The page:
2005 Pascual Toso "Finca Pedregal" Pedregal de Barrancas Vineyards Mendoza, Argentina

SKU #1038543

93 points from Wine Enthusiast: "Steady as a rock, with smoky, charred aromas mixed with beautiful black fruit scents as well as accents of licorice and earth. For anyone enthralled with New World ripeness, this is the ticket. It’s a blend of 70% Malbec and 30% Cabernet Sauvignon, and it is lush, packed with blackberry and boysenberry flavors, and viscous on the finish. Complete and special at every level." (5/1/2008) 92 points from Robert Parker's Wine Advocate: "The 2005 Finca Pedregal is 70% Malbec and 30% Cabernet Sauvignon sourced from the Pedregal de Barancas Vineyard in the Maipu district of Mendoza. It was aged for 18 months in a mix of French and American oak. It delivers a superb perfume of pain grille, pencil lead, mineral, espresso, black cherry, and blackberry. Complex and elegant on the palate, it has gobs of savory, ripe fruit, excellent integration of oak, tannin, and acidity, and several years of aging potential. It should be at its best from 2012 to 2022. The venerable Pascual Toso winery was founded in 1890 and has employed Paul Hobbs as a consultant since 2000." (Dec. 2008) 91 points Wine Spectator: "This is dark and winy, with layers of fig sauce, ripe plum, shaved vanilla, Turkish coffee and molten chocolate running along dense but fine-grained tannins. The long, exotic finish lets spice, cocoa and dark fruit notes linger. Malbec and Cabernet Sauvignon. Drink now through 2011. 600 cases made." (05/08)

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Price: $69.99
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- These days if you're drinking a Malbec it's probably from Argentina. The most planted grape in that country, varietally-labeled Argentine Malbecs are one of the wine market's great values, prized for their slight herbal component and dark, luscious fruit. Structurally, Argentina's Malbecs are much different than those grown in the grape's native France; they are riper, fruitier and fleshier. In France, the best iterations of Malbec can be found in the Cahors, where it can be quite decadent. It is also planted in the Loire Valley, where it is called Côt and is often blended with Cabernet Sauvignon or Gamay, and in Bordeaux, where it has fallen from favor in many of the region's great blends because it is difficult to grow. In the United States, the varietal is frequently added to Meritage wines - Bordeaux style blends - but it is rarely found on its own.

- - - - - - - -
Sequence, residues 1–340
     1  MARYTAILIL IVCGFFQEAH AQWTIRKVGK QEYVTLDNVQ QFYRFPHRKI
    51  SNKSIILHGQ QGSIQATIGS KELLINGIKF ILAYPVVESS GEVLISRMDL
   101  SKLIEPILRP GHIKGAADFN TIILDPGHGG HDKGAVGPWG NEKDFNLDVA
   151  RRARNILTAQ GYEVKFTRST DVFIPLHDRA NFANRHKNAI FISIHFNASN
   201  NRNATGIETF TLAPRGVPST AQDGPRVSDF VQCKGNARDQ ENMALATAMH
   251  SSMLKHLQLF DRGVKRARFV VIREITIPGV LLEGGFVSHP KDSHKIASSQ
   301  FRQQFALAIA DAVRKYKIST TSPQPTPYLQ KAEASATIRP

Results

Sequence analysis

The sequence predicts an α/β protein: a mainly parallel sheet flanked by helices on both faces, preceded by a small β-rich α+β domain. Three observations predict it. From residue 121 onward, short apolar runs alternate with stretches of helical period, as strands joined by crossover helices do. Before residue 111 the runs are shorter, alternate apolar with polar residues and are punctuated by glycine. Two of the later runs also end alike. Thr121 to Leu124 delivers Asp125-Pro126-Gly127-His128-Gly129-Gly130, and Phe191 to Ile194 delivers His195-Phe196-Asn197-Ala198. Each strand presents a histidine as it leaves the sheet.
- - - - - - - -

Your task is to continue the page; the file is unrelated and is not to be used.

- Argentina is regarded as one of the most dynamic wine-producing nations in the world, and possibly the most important wine-producing region in South America. Only four countries in the world produce more wine than Argentina. Considerable investments (much of which has come from famous French, Italian and California wine producers) have been made in new vineyards and winemaking technology in the past several years, which along with recent plantings of more premium varieties of grapes, has made Argentina much more competitive internationally. The Mendoza region is the most important region in Argentina's wine industry. And Malbec, among other Bordeaux varietals grown here, reigns supreme. Click for a list of bestselling items from Argentina.